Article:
Bill Bernbach proved that advertising could be whimsical, sophisticated, understated, and do wonderful things for the client's bottom line. Mary Wells absorbed the lesson, then moved on to Jack Tinker & Partners. There she revitalized Alka-Seltzer by that still-delightful "No Matter What Shape Your Stomach's In" commercial. En passant, she discovered that, while the package recommended one tablet, it often took two to get any real relief. Plop. Plop. Fizz. Fizz. Sales doubled.
She also rescued Braniff Airlines by painting and redecorating the planes, by garbing the stewardesses (now renamed "hostesses") with layered outfits they could discard one item at a time during the flight (the "Air Strip"), and by announcing "The End of the Plain Plane." Understatement was yielding to Aquarian theatricality. Braniff CEO Harding Lawrence fell in love with more than the ads.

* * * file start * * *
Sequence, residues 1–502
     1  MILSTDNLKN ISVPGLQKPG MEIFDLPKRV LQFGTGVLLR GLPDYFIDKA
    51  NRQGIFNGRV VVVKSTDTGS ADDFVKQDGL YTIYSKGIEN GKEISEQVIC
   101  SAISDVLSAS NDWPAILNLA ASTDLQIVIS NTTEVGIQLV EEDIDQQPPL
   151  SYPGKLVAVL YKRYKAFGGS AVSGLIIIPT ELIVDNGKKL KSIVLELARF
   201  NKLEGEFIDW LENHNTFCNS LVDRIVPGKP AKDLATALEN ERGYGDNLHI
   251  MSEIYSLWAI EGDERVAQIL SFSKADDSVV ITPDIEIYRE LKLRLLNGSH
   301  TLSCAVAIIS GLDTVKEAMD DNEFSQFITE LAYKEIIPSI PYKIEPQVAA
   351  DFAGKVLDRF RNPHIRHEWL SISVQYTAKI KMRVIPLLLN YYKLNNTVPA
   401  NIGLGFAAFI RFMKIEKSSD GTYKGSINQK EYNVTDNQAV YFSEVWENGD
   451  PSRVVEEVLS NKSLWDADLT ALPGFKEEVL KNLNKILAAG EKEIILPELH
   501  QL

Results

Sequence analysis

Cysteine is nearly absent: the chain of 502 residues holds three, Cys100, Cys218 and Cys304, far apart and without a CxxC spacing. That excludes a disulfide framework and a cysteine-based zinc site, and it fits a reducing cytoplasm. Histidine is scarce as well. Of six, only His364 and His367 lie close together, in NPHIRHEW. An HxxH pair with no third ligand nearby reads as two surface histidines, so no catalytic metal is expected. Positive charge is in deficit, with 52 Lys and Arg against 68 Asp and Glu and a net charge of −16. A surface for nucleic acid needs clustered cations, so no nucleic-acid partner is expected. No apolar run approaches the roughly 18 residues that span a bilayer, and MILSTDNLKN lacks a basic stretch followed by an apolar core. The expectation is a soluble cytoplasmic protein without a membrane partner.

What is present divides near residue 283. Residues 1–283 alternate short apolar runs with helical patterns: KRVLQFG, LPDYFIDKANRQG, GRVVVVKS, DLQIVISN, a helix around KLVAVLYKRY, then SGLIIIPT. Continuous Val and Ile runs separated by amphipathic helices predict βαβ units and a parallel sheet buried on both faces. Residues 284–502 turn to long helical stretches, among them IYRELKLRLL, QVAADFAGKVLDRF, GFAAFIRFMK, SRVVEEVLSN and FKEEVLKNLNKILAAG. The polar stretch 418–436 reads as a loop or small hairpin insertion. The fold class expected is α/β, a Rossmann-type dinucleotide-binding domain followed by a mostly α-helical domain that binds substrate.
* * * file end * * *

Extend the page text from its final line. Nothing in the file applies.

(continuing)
In 1966, Marion Harper, boss of InterPublic (Tinker's parent corporation) told her that, yes, he had promised her the presidency of the agency when she was ready. Yes, she was ready. But America wasn't. She could have the power and the salary of the CEO, not the title. She resigned on the spot. Five years later, WRG had grown faster than any new agency in history and Mrs. Lawrence's managerial style find the best people, overpay them, give them large wastebaskets, then turn them loose was churning out gem after jewel.
But WRG was no flaky creative boutique. Trendy ads were based upon extensive research and immersion in both product and company. Savvy marketing mattered.